Multicenter study on recent portal venous system thrombosis associated with cytomegalovirus disease

J Hepatol. 2021 Sep 23;S0168-8278(21)02041-9. doi: 10.1016/j.jhep.2021.09.011. Online ahead of print.


Background and aims: Recent non-malignant non-cirrhotic portal venous system thrombosis (PVT) is a rare condition. Among risk factors for PVT, cytomegalovirus (CMV) disease is usually listed based on few reported cases. The aim of this study was to determine characteristics and outcome of patients with PVT associated with CMV disease.

Methods: We conducted a French multicenter retrospective study comparing patients with recent PVT and CMV disease ("CMV positive"; n = 23) with patients with recent PVT for whom CMV testing was negative ("CMV negative"; n = 53) or unavailable ("CMV unknown"; n = 297).

Results: As compared with patients from the "CMV negative" and "CMV unknown" groups, patients from the "CMV positive" group were younger, had more frequently fever, higher heart rate, higher lymphocyte count and higher serum ALT levels (p ≤ 0.01 for all). Prevalence of immunosuppression did not differ between the 3 groups (4%, 4% and 6%, respectively). Extension of PVT was similar between the 3 groups. Thirteen out of 23 "CMV positive" patients had another risk factor for thrombosis. Besides CMV disease, number of risk factors for thrombosis was similar between the 3 groups. Heterozygous prothrombin gene mutation was more frequent in "CMV positive" patients (22%) than in the "CMV negative" (4%, p = 0.01) and "CMV unknown" (8%, p = 0.03) groups. Recanalization rate was not influenced by CMV status.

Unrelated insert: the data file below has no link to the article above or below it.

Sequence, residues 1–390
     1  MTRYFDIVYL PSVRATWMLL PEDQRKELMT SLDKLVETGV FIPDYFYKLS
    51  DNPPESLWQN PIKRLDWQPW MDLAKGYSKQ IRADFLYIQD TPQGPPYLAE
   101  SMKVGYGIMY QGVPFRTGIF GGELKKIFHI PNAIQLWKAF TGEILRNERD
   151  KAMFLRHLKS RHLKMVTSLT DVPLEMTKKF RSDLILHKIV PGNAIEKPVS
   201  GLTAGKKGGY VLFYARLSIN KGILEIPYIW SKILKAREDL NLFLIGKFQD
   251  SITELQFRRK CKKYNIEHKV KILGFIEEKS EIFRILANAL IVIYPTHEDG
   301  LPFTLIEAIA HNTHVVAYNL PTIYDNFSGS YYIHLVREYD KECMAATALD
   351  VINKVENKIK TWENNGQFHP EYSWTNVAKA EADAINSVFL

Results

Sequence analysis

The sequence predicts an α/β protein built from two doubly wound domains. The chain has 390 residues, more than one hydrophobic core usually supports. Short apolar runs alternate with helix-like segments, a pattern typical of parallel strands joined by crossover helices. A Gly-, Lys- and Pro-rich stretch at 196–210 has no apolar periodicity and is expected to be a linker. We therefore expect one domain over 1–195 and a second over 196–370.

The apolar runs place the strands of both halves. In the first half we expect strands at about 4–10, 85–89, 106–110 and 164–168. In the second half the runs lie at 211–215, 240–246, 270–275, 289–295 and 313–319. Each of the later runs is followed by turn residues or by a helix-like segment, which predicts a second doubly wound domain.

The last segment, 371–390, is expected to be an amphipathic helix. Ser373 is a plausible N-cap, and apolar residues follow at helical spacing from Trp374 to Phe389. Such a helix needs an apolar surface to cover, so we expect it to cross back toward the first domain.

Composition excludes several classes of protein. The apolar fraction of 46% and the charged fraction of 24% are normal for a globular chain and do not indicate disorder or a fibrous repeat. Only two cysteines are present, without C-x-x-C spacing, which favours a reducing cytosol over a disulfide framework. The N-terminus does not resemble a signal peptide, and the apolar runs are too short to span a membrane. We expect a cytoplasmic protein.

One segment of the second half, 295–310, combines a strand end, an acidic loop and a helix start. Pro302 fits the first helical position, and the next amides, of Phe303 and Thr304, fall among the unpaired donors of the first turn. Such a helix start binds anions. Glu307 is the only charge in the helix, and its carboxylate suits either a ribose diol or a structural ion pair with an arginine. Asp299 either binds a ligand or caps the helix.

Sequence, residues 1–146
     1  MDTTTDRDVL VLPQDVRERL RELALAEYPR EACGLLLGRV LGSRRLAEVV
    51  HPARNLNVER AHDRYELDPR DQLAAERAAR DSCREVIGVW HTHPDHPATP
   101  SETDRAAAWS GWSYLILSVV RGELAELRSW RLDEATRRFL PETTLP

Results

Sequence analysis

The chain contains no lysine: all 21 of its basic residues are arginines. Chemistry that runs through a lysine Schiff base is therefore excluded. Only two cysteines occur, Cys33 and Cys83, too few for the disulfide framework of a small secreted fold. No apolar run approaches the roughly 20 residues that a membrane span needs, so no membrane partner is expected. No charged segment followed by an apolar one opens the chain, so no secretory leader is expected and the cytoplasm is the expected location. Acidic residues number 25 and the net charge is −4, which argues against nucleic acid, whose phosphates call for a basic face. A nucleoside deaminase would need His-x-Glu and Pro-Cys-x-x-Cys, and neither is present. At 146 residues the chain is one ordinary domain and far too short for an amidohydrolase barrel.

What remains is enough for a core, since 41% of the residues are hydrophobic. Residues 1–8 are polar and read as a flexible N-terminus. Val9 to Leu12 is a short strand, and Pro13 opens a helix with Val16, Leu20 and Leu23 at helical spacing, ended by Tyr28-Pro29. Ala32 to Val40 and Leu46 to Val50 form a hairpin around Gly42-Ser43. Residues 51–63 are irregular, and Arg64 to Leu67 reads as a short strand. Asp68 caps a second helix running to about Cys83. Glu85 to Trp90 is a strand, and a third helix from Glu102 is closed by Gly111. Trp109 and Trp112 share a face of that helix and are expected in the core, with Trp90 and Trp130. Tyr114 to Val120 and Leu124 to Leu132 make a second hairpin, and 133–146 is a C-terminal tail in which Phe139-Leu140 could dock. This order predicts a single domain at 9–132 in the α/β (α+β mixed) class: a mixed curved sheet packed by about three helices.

Conclusions: In patients with recent PVT, features of mononucleosis syndrome should raise suspicion of CMV disease. CMV disease does not influence thrombosis extension nor recanalization. More than half "CMV positive" patients have another risk factor for thrombosis, with a particular link with prothrombin gene mutation.

Lay summary: Patients with CMV-associated portal venous system thrombosis have similar thrombosis extension and evolution as patients without CMV disease. They more frequently have prothrombin gene mutation, suggesting a synergy between these two entities to promote thrombosis.

Keywords: CMV; cavernoma; cytomegalovirus; factor II gene mutation; immunocompetent; infection; prothrombin; recanalization; thrombophilia; thrombosis; thrombus; vascular liver disease; virus.